1. According to unaſſiſted nature. Hooker.
2. Without aſſiſtation. Shakʃpeare.
3. Spontaneouſly.
Naturalness. [from natural.]
1. The ſtate of being given or produced
by nature. South.
2. Conformity to truth and reality ; nat
atteſtation, Dryden.

NATURE. ʃ. [r.atura, Latin.]
1. An imaginary being ſuppoſed to preſide
over the material and animal world. Shakʃpeare. Coidey,
2. The native ſtate or properties of any
thing. Hale.
3. The conſtitution of an animated bwdy.Shakʃpeare.
4. Diſpoſition of mind. Shakʃpeare.
5. The regular courſe of things. Shakſp.
6. The conipals of natural exiſtence. Granville.
7. Nafural affection, or' reverence, Pope.
8. The it-te or operation of the material world. Pope.
9. Sort ; ſpecies. Dryden.

JO. Sentiments or images adapted to nature. Addiſon.

Johnson's Dictionary 1756 @ whichenglish.com


II. Phyſicks; the ſcience which teaches
the qualities of thing , Pjpe

NATU'RITY. ʃ. [f.m nature.] The ſtate
of being produced oy nature. Brown.

NA'VAL. a. [naval, French.]
1. Conſiſting of ſhips. Waller.
2. Belonging to ſhips. Temple\

Nave. ʃ. [n.p, Saxon.]
1. The middle part of the wheH in which
the axle moves. Shakʃpeare.
2. [From navii, nave, old French.] The
middle part of the church difljncl from the
aides or wings. Ayliffe.

NA'VEL. ʃ. [napela, navela, Saxon.]
1. The point in the middle of the beljy,
by which embryos communicate with the
parent. Brown.
2. The middle ; the interiour part. Milton.

NA'VELGALL. ʃ. Naijclgall is a br uife on
the top of the chine of the back, behind
the faddle, right againſt X\\& navel.

NA'VELWORT. ʃ. At^. herb. Miller.

NA'VEW. ʃ. [»<7/>.r, Lat. naveau,Yr.]hn.
herb. Miller.

NAUGHT. a. [naht, na/jhiht, Saxon.]
Bad ; corrupt ; worthleſs. Hooker.

NAUGHT. ʃ. Nothing. This is commonly,
though improperly, written nought.Shakʃpeare.

NA'UGHTILY. ad. [from naughty.] Wickedly
; corruptly.

NA'UGHTINESS. ʃ. [from naughty.] Wickedneſs; badneſs. Sidney.

NA'UGHTY. a. [from naught, ] Bad ;
wicked ; corrupt. Sidney.

NA'VIGABLE. a. [naxigable,Yltnch.'^^ Capable
of being palled by ſhips or boats. Raleigh.

NA'VIGABLENESS. ʃ. [from navigable.]
C'uacirv to be paſted in veflcls.

To NA'VIGATE. v.n. [naiigo.L-^t.] To
fiiil ; to paſs by water. Arbuthnot.

To NA'VIGATE. v. a. To paſs by ſhips
or boats. Arbuthnot.

NAVIGATION. ʃ. [navigation, French.]
1. The act or practice of paſſing t)y water. Bacon.
2. VfftVIs of navigation, Shakʃpeare.

NAVIGATOR. ʃ. [navigoteur, French.]
bailor ^ leaman ; traveller by water. Brere,

NA'ULAGE. ʃ. [naulum, hilxn.] The
freight of p.n^ngers in a ſhip.

NAU'MACHY. ʃ. [nauniachie, Fr. r^uma-.
c^/j, Latin.] A mock ſea fight.

To NAU'SEATE. v. n. [from r::«;fo, Lat.]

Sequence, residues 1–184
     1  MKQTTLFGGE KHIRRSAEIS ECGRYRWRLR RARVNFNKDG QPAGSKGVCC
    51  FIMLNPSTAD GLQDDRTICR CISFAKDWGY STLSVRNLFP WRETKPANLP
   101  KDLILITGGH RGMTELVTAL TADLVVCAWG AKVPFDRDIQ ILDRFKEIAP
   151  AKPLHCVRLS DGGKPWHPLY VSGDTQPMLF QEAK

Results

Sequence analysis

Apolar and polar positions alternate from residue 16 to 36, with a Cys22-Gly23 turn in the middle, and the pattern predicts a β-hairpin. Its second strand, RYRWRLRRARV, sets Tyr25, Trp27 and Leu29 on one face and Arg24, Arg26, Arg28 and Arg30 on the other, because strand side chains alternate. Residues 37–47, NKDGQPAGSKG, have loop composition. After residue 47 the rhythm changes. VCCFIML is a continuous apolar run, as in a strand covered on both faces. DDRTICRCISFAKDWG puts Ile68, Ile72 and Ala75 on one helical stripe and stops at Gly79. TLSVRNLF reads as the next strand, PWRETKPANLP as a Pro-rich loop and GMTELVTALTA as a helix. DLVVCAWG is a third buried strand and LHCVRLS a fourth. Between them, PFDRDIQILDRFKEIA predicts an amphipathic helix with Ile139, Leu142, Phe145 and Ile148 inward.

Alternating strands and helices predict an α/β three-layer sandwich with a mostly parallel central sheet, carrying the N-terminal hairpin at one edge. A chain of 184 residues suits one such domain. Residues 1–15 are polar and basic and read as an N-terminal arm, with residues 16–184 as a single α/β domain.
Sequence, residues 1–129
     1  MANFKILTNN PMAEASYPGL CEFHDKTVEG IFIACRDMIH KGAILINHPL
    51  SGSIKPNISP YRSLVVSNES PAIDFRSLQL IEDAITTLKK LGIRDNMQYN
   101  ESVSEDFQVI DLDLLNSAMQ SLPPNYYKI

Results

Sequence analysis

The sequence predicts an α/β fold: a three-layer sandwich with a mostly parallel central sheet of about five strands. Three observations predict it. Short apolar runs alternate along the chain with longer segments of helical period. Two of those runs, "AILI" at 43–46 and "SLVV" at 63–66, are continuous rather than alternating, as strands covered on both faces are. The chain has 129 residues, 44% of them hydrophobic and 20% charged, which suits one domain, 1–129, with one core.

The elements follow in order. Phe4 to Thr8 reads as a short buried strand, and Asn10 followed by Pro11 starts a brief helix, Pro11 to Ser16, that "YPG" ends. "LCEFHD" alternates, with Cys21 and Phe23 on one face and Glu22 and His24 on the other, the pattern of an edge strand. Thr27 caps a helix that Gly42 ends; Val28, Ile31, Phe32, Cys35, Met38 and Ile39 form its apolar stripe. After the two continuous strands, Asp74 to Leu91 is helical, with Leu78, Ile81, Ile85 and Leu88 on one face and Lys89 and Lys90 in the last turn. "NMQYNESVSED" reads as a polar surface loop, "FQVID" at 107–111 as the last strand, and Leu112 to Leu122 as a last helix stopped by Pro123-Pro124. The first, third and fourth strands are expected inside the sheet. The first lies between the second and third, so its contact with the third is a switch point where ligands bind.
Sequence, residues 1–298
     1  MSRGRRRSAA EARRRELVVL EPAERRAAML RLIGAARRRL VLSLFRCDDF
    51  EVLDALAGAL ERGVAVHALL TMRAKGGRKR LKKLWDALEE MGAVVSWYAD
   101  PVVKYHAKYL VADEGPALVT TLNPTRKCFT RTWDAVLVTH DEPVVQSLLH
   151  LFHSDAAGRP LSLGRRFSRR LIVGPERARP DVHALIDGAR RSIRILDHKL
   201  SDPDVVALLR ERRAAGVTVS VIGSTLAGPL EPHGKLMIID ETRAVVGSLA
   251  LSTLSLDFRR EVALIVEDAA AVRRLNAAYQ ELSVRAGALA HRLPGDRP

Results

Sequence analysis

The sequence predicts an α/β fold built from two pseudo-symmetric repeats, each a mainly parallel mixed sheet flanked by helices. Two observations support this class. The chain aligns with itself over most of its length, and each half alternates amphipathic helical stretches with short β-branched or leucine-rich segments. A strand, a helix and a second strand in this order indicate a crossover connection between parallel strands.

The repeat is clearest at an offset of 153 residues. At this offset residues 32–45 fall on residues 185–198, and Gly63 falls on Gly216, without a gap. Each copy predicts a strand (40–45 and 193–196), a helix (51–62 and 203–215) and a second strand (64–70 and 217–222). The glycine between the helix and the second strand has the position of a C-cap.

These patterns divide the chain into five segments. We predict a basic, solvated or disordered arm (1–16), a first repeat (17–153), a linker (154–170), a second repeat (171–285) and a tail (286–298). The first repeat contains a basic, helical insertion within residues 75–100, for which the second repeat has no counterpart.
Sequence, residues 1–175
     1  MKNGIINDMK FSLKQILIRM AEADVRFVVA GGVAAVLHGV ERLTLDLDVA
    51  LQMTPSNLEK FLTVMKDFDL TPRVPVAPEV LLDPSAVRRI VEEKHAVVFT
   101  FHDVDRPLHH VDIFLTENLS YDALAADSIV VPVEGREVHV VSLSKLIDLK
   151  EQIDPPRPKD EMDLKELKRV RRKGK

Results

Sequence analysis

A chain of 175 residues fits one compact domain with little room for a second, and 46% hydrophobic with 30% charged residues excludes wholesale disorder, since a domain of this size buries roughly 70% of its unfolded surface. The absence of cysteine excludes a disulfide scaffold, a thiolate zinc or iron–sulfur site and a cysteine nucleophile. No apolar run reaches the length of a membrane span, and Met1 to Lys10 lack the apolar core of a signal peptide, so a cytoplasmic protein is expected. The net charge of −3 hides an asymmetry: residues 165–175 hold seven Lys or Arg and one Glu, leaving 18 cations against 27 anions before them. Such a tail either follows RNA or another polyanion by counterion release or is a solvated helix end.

To gr. w ſqueamiſh; to tuxn away with
diſguſt. Watts.

To NAU'SEATE. v. a.
1. To loath ; to reject with diguſt. Brown.;.
2. To ſtrike with diſguſt. SiL-if.

NAU'SEOUS. a. [from »c7.f<7, Lat, tj^v/'V,
Freich ] Loithſome ; diſguſtful. Denham.


Johnson's Dictionary 1756 @ whichenglish.com


NAU'SEOUSLY. ad. [from naujecus.^ '
Loathsomely; diſguſtfully. Dryden.

NAU'SEOUSNES;;. f. [from nauſeous.'[
Loathſomeneſs ; quality of raiſing diſguſt. Dryden.

NAU'TICAL. v. a. [nauticus, Latin.] Per-

NAUTICK. ʃ. taining to ſailors. Cam.

NAU'TILUS. ʃ. [Latin ]
w^j/r//.^, French.]
A ſhdl fiſh furniſhed with ſomething analogous
to oars and a fail. Pope. .

NA'VY. ʃ. [from ff^fa, Latin.] An a (Tern
bay of ſhips ; a fleet. Clarenden,

NAY. ad. [«ir, Saxon. or ne aye.l
1. No ; an adverb of negation. Denham.
s. Not only ſo but more. Ben. Johnſon.
3. Word of refuſal. ' A^^.

NA'YWORD. ʃ. [nay and nvcrd.]
1. The faying nay. Shakʃpeare.
2. A proverbial reproach ; a bye word.Shakʃpeare.

NE. ad. [Saxon.] Neither ; and not. Spenſer.

NEAF. ʃ. [«?^, TOanrlick.] Afi(>. Shakſp.

To NEAL. 1'. tf . [onceian, Saxon.] To temper
by a gradual and regulated heat. Digby, Moxon.

To NEAL. v. a. To be tempered in fire. Bacon.

NEAP. ^. [nepp!o.&, Saxon ; ns^pti^, Focr.]
Low ; decreſcent. uſed only of the tide, Hakewell.

NEAR. prep, [nep, Saxon.] At no great
di fiance from ; cloſe to ; nigh. Dryden.

NEAR. ad.
1. Almoſt.
2. At hand ; not far off. Dryden.
3. Within a little, Bacon.

NEAR. a.
1. Not diſtant. Geneſis.
2. Advanced towards the end of an enterpriſe
or diſquiſition. Hooker.
3. cloſe ; not rambling. Dryden.
4. cloſely related. Leviticus.
c. Intimate ; familiar; admitted to confidence,Shakʃpeare.
6. To uching ; preſſing ; affecting ; dear.Shakʃpeare.
7. Parſimonious, inclining to covecouſneſs.

NEAR hand. cloſely. Bacon.

NEA RLY. ad. [from near.]
1. At no great diſtances. Atterbury.
2. C.ofely ; preſſingly. Milton. HSwift.
3. In a aggardly manner.

NEA'RNESS. ʃ. [ho'mnear.]
1. Cloſeneſs ; not remoteneſs. Hooker, Duppa.
2. Allijnce of blood or aftection. Bacon.
3. Tendency to avarice ; caution of expence. Bacon.